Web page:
Thursday, 25 August 2011
Monday, 22 August 2011
Text Analysis in a Social Constructivist Classroom
by P.MOHANAN, KUTHUPARAMBA
What is a Text?
The word 'text' sually refers to written materials, like a story, novel etc. But it has a wider meaning in the classroom context. The text in the classroom need not always be a lengthyliterary piece like an essay or story. Any piece of material that can communicate or initiate discourse is a text. A message, a letter, a joke, an advertisement or anything that generates language can be used as a text in a classroom. It need not always be a written material. A cartoon, a picture, a film or any visual cue, or any audio piece can be a text provided it serves the purpose of communicating the desired message and can be used for generating and promoting linguistic accomplishments. In short a text is a material that ensures scope for process, observation, contextualisation, learning practice, collaborative enquiry, conceptualisation, divergent thinking, divergent constructs, divergent analysis and divergent conclusions. It should be something that accelerates knowledge construction through self reflection, peer interaction and teacher intervention.
What is Social Constructivism?
It refers to a learning theory that emphasises the significance of 'think-pair-share' activity in the process of meaning making. The learners construct knowledge rather than passively listen. Knowledge is socially and culturally constructed. It holds the view that 'ideas, language and concepts derived from interation with others structure, challenge and enhance or constrain thinking'.Constructivist teaching involves intelligence, creativity, responsiveness, spontaneity, accommodation, assimilation, active experimentation, refelective conceptualisation, inquisitive investigation, and the ability to restructure knowledge.
How is Social Constructivism different from traditional teaching methods?
Social constructivism discards the very idea that knowledge is ' a repertoire of behavioural responses to environmental stimulli'. It holds the view that knolwedge is socially construced, as a process of resolution of conflicts between prehension and transformation. Teaching is not mere transformation of ideas , and learning is not passive absorptiion promoted by repetition of positive reinforcement. It is an active, self directed process of assimilating and accomodating new interests to the existing cognitive structures. The traditional classrooms focus on gaining knowledge of facts, concepts and skills, transaction of a curriculum based on static and hierarchical grading, and teacher structured instruction. But social constructivism demands a process oriented rather than a content and product oriented facilitation ensuring active collaboration and effective thinking.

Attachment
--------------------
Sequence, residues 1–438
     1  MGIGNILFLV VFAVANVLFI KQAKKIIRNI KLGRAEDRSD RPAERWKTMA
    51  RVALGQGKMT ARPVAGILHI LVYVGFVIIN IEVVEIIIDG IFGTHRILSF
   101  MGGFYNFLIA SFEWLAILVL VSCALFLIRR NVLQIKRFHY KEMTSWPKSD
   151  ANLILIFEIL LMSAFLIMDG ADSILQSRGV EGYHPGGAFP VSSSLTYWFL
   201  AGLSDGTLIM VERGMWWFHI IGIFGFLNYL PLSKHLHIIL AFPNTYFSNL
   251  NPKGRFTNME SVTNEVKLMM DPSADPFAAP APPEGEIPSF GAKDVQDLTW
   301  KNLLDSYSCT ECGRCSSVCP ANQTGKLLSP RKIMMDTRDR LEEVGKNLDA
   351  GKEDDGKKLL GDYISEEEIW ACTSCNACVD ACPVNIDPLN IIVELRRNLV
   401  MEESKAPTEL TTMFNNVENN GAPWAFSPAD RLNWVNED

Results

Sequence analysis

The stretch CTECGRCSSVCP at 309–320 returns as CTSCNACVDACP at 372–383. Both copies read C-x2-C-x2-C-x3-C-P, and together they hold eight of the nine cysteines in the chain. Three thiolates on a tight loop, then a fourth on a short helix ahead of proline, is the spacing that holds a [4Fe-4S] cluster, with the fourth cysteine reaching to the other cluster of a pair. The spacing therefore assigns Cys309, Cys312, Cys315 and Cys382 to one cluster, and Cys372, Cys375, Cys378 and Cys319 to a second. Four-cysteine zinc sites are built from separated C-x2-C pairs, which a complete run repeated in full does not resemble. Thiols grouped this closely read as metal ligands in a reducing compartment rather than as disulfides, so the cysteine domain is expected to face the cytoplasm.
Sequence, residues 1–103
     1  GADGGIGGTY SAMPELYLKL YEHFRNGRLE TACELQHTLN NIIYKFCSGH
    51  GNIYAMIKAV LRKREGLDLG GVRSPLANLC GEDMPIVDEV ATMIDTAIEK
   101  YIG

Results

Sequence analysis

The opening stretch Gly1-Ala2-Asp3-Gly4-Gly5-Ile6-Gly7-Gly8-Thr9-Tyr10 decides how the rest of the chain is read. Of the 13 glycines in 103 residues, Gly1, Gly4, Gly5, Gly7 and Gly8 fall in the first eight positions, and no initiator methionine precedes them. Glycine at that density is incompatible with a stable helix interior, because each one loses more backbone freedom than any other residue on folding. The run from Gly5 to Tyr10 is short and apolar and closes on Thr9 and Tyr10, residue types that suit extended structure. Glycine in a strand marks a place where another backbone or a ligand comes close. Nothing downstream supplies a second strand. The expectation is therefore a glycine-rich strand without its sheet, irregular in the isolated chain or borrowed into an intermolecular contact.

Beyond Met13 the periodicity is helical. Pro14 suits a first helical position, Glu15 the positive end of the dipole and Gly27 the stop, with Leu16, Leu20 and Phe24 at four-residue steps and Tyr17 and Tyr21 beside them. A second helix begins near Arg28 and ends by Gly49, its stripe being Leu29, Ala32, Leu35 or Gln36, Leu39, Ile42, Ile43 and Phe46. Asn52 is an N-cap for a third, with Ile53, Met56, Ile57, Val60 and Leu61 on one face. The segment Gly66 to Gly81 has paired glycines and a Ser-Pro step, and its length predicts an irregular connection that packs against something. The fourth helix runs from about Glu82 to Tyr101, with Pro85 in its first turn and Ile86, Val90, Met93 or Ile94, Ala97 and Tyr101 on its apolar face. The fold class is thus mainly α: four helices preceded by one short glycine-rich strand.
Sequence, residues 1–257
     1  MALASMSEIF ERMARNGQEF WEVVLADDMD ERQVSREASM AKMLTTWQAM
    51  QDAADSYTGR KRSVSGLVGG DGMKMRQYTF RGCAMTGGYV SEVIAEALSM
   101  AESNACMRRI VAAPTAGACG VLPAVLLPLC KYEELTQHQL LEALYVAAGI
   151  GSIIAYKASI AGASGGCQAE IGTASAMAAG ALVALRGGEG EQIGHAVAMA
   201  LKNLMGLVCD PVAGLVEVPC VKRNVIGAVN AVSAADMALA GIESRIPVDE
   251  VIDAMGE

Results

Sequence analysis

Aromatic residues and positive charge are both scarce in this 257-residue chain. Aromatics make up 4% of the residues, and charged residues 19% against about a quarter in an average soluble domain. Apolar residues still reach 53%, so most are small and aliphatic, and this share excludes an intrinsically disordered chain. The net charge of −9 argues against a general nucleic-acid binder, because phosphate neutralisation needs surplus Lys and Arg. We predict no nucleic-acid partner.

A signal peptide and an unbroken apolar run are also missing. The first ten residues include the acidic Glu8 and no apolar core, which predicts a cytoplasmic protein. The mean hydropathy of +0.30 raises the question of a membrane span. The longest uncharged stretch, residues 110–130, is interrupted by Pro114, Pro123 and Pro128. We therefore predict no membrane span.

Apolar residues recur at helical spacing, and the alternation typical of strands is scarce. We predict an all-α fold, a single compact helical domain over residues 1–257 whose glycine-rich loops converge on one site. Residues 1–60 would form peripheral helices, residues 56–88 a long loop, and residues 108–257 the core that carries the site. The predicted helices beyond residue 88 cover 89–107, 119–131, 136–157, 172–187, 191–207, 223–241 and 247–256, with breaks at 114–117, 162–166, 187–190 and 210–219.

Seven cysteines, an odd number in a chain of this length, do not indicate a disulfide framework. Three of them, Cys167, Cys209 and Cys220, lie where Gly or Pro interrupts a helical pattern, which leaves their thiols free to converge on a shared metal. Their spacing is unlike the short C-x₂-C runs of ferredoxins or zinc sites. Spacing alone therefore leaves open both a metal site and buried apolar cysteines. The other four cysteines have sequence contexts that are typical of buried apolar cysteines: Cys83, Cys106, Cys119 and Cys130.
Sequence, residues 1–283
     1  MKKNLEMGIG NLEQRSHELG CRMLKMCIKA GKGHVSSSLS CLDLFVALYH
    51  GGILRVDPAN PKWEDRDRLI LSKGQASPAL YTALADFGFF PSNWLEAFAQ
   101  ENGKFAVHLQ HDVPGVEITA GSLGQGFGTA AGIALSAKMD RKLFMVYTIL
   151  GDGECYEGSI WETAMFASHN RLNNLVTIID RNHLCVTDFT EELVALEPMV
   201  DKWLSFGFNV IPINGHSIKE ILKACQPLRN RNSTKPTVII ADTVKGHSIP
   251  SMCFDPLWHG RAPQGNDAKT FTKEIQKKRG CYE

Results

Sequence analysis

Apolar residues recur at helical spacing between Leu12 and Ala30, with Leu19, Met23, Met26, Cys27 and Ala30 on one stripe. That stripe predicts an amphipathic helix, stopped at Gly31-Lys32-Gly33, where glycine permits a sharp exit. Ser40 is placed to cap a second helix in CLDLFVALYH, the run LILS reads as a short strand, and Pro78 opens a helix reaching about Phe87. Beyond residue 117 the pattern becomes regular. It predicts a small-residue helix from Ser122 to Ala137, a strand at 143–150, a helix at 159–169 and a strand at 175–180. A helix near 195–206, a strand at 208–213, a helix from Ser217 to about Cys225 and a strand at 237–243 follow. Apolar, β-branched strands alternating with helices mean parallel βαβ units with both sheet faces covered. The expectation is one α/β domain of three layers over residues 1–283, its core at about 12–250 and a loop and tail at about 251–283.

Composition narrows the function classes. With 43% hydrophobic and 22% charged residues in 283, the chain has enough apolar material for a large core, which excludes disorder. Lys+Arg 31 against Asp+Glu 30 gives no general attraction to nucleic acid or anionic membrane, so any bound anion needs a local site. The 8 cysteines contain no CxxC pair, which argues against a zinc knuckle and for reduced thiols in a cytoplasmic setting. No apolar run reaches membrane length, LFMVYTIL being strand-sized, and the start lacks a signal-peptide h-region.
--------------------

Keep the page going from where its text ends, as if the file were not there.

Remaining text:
How to approach a Text?
The text, in a social construvist classroom, is a 'woven material' of ideas that helps the learner transmute his ideational experience into personal experience. The reader is not supposed to read the word but the world in a text, printed or visual. The learner's interactiion with the text should help him understand the plain sense at the primary stage of reading. He should decipher the text at letter, word and sentence level to get the general gist and the specific implication. The learner should not stop here. He should go further to understand the context, the author's biography, his'intentions', social and cultural background. He shoul view the text through diff erent cultural lenses. The third stage is to empathise. Here the reader evaluates the characters, their actions, the feelings they create, the different scenes that contribute to the establishment of the prominent and underlying idea, the settings etc. The next stage is to appreciate the text, the language used, the images presented, the rhythm, He analyses what the text 'does'. He notices the tone and persuasive elements, the patterns of thoughts expressed through the choice of language and the various structures that constitute meaning. The last stage is that of being creative. The learner must use the text to naturally and spontaneously produce or transfom into a new discourse. At this Generating Phase, the learner develops ability to prioratise plans,to use inventive thinking and to ceate high quality products.